Collecting Antique Buttons

Buttons are collectibles and antiques, like the materials they were made from and their long history dating back to Egypt; they were made originally as decorations, then later become useful.

Buttons, buttons, everywhere, made of glass, plastic, papier-mâché, porcelain, wood, ivory, animal antler and bone, metal, semi-precious and precious jewels, pearl, and scrimshaw, even nuts. These and many other materials have been made into buttons throughout the centuries. Painting, etching, embroidery, and other forms of artwork also went into decorating many of these same buttons. Originally made as decorations, not as clothing fasteners, the first buttons can be traced as far back as 4000 years ago. Buttons have even been found in ancient tombs from Egypt. What does this tell us? That an item as simple as a decoration has evolved throughout the centuries to become both a useful and coveted item.

Men and women have used buttons to lavishly adorn themselves throughout the ages. King Louis XIV, ruler of France from 1643 to 1715, was known to spend large amounts of money on buttons. King Francis I, ruler of France from 1515 to 1547, had 13,600 gold buttons on a single coat. At some point in history, which no one can be sure of, someone realized that slipping a fabric cord around a button, or into a slit cut into the fabric that the button was attached too, made what was just a decorative item, into a useful item. Clothing could be "˜snugged' up, making a loose fitting blouse or robe, into a form fitting design. This led to advancements in clothing styles that is still being achieved through modern day.

It is no surprise then, that buttons are collected today. People search out different designs, materials, or buttons from specific time-periods. I have even heard buttons described as miniature examples of art documenting every period of history throughout our past. Even as buttons evolved from being strictly decorations, to practical items, they continued to be decorative as well. Because much work and material went into the making of buttons, they were often saved from worn out clothing to be used and reused. This practice has thankfully salvaged many of these throughout the years. Lets look at some different forms buttons have taken through the years.


Buttons from the late 1800's, often referred to as "˜pearl' were actually made of shells. After being cut and intricately decorated and polished, they resembled the then sought after pearl, and so quickly acquired the name. Pearled buttons are made still today from mussel shells taken from the Tennessee River.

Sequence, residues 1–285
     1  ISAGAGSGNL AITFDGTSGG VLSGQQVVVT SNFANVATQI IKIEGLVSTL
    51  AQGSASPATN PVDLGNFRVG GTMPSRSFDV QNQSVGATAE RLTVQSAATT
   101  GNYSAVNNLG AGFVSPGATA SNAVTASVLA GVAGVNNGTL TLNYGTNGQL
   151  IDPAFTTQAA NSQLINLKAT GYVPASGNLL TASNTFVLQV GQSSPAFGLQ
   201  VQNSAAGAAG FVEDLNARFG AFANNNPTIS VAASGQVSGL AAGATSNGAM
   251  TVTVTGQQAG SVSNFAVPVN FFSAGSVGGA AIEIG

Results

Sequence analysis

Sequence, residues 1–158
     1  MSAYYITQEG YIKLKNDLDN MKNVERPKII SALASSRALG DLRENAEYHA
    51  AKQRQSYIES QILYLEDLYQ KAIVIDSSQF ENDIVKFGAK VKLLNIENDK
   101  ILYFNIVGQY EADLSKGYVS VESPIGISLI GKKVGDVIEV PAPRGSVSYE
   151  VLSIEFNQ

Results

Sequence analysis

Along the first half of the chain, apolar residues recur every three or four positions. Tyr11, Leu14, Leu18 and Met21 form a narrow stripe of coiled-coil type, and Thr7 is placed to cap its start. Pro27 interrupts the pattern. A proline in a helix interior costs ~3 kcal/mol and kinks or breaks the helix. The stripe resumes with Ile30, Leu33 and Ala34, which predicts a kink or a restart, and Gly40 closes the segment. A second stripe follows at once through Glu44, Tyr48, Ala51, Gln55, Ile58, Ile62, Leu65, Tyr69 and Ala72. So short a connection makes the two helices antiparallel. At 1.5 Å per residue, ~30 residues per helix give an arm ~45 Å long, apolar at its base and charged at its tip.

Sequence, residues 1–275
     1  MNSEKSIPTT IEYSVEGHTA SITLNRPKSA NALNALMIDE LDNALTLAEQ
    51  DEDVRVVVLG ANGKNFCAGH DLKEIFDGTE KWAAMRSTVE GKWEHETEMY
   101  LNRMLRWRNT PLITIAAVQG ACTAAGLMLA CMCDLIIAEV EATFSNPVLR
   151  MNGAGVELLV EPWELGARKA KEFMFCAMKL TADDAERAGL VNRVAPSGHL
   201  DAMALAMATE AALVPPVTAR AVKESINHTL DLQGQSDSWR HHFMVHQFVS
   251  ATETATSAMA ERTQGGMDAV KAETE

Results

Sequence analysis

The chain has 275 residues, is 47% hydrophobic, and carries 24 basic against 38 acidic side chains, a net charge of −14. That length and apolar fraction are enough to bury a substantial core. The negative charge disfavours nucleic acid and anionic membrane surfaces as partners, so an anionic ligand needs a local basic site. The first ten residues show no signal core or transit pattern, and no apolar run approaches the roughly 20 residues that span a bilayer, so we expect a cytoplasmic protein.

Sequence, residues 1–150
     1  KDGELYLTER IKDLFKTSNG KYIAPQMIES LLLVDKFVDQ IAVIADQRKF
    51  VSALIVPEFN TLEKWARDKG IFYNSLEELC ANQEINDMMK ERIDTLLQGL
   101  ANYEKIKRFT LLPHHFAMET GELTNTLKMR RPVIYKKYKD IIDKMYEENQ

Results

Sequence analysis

Glass buttons are some of the earliest examples. As skilled glassblowers protected other forms of their art, so did they with their techniques for making buttons. Available in a rainbow of colors and finishes, collecting glass buttons alone will surely keep a new collector occupied for years.

Wood and Thread

Wood was used for the base of many buttons, then covered with fabric or needlepoint. Women from poorer households would sew coverings for both their own use and to sell to wealthier neighbors. Silks, cottons, and wool were common threads used.

Bone and Antler

Examples of bone, often the shinbones of camels, cattle, or elk and deer, can be found on items dating back hundreds and thousands of years, right up until modern day. Antlers, from elk, mule deer, and other antlered animals, are often cut and either left plain, decorated as in scrimshaw, and even "˜burned' to color the edges. Once very common on items from both Native Americans, Eskimos, and other people of the lands, bone and antler buttons are making a resurgence as many other of these peoples artworks are also becoming recognized for their truly great art.

Buttons of Today

If you have been in any craft or discount store that sells craft supplies, you have been treated to the wide array of buttons available today. While buttons are mass-produced all over the world, many small companies also make buttons. From kittens to ladybugs, flags to birdhouses, gingerbread people to snowmen, buttons have been made representing nearly every holiday, occasion, event, and person that you can possibly think of. Small porcelain buttons proclaiming "˜I Love Grandma' and "˜World's Greatest Teacher' to plastic buttons resembling more expensive metal and pearl buttons. Pewter buttons in the shapes of deer and scissors, birds and carrots, and again, any shape you can imagine, is another popular material today. As an image of something becomes collectible in other forms, you can be sure that buttons representing this item will be produced, making buttons right up there at the top of many collectors' list. Take for example the rediscovery of "˜Angels' in the recent past. Buttons representing everything from angelic angels to playful angels have turned up on buttons manufactured today. True collectors also noted that everything that is new today, ahs probably been done already, and again, buttons, because they have been around for so long, are a sure way to prove this. Buttons with images of angels on them can be dated back hundreds of years ago. They also do the opposite and prove that some things are newer. You may find a very old button with an image of a rabbit, but only today would you find a button in the shape of a floppy disk or even a computer itself, and yes, these shaped are available! Button collecting is truly for anyone that collects anything at all.

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